UPDATE: May 6, 1:45 a.m. EDT -- He did it again.


Original story begins here. Scroll down to watch the replay of the live broadcast. 

Can he do it again?

On Friday, Space Exploration Technologies Corp. founder Elon Musk will try to repeat a successful attempt to pitch a SpaceX rocket from the Florida coastline to a robotic platform floating in the Atlantic Ocean. This time, however, the company’s Falcon 9 rocket will be moving much faster and higher than the one that deftly kissed the floating barge last month and landed a spot in future aerospace history books.

The April 8 landing, part of the CRS-8 Dragon mission that delivered a payload to the International Space Station, proved Musk’s idea that first-stage rockets can be recovered instead of dropped into the ocean like very expensive garbage. Eventually, SpaceX wants to reuse these rockets, saving about 30 percent of the cost of sending satellites, astronauts and other payloads into orbit, according to SpaceX President Gwynne Shotwell, one of Musk's closest business confidants. 

But this idea is still in its experimental stage and would require repeated successes to become part of normal operating procedures in 21st century space transport. 

Friday’s launch will be SpaceX’s second attempt to recover a rocket that needs to fly faster and higher, in this case to deliver Japanese communications satellite JCSAT-14 into geostationary orbit more than 22,000 miles above the Equator.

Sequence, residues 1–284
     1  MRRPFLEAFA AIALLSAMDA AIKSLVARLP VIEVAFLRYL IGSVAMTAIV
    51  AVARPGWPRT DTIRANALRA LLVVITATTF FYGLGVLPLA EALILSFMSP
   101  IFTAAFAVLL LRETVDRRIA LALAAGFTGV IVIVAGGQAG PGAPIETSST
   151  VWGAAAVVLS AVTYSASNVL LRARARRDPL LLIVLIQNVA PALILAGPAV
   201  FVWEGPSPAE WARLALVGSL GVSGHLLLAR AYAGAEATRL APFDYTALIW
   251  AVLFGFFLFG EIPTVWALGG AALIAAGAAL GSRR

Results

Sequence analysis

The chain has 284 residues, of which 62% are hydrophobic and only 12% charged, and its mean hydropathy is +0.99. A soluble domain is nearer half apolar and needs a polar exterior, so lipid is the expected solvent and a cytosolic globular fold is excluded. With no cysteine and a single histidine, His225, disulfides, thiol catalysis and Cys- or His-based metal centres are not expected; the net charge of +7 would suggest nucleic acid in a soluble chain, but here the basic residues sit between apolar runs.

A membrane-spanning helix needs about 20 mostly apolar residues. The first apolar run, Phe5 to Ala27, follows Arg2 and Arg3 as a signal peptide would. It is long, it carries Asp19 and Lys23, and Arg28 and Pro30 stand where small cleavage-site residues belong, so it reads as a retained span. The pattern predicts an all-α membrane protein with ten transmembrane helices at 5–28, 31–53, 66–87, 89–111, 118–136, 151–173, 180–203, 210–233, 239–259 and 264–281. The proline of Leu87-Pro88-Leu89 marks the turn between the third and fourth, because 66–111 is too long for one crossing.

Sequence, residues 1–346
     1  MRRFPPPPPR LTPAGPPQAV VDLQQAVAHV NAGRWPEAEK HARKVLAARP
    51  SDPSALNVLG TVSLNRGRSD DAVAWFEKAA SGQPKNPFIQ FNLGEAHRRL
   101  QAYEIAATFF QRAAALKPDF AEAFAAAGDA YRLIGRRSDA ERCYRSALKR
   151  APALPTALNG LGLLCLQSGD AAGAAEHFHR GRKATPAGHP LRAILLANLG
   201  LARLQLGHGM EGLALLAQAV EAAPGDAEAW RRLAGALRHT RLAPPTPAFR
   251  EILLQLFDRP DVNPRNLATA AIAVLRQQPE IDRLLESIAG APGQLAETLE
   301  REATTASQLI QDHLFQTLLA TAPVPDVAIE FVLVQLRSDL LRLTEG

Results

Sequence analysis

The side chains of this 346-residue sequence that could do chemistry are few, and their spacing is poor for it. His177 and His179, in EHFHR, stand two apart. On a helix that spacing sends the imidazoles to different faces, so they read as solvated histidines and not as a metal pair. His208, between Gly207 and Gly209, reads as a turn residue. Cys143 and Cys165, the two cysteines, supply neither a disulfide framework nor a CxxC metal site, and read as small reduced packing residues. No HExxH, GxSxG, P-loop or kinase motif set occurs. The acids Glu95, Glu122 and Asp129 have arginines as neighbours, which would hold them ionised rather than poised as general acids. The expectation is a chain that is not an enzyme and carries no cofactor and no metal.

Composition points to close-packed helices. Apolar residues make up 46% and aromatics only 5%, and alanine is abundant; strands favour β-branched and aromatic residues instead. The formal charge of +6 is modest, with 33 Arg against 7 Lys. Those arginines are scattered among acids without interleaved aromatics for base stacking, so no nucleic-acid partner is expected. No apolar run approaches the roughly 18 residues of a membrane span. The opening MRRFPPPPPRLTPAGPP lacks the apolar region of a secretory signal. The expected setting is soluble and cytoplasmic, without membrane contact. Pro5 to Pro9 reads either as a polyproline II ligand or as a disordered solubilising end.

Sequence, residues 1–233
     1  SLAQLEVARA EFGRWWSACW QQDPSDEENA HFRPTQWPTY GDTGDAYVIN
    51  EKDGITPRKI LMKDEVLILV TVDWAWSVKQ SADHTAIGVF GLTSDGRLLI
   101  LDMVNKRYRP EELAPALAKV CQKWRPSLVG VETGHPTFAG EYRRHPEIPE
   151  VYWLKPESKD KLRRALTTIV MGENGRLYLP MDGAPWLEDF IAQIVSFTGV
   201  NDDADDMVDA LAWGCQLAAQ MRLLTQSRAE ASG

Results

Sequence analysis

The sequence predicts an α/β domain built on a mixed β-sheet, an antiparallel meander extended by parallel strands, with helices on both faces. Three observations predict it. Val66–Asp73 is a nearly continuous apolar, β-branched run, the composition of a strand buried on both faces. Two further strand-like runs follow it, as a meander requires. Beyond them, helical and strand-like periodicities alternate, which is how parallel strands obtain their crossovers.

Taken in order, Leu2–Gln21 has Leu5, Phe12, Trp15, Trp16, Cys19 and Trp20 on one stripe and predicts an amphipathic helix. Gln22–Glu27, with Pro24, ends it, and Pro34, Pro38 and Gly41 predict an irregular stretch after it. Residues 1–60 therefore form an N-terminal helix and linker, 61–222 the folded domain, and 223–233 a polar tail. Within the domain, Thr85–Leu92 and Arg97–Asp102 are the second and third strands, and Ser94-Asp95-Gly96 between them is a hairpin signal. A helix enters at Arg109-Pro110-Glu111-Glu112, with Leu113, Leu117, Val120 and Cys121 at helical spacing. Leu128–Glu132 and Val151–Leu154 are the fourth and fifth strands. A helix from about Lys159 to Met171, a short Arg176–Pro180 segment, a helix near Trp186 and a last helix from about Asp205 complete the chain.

The rocket that landed on the barge last month needed thrust to deliver a payload to the space station just 249 miles above the earth’s surface. The greater the orbit height, the longer the descent back to the floating landing platform. (In case you're wondering about the name of the vessel dubbed “Of Course I Still Love You”: It's Musk homage to the late science fiction novelist Ian M. Banks.)

“CRS-8 was a low Earth orbit mission; due to the higher velocity required for Friday’s geostationary launch, SpaceX are less optimistic about the chances of succeeding,” said a report Thursday from NASASpaceFlight.com, which tracks space flight missions.

The launch from the company’s Space Launch Complex 40 at Cape Canaveral Air Force Station, Florida, is set for 1:21 a.m. EDT Friday, with the SpaceX live stream coverage beginning shortly after.

The SpaceX JCSAT-14 launch live stream can be viewed below. There is a hosted broadcast and a technical broadcast that includes rocket views and telemetry information.

Hosted broadcast

Technical broadcast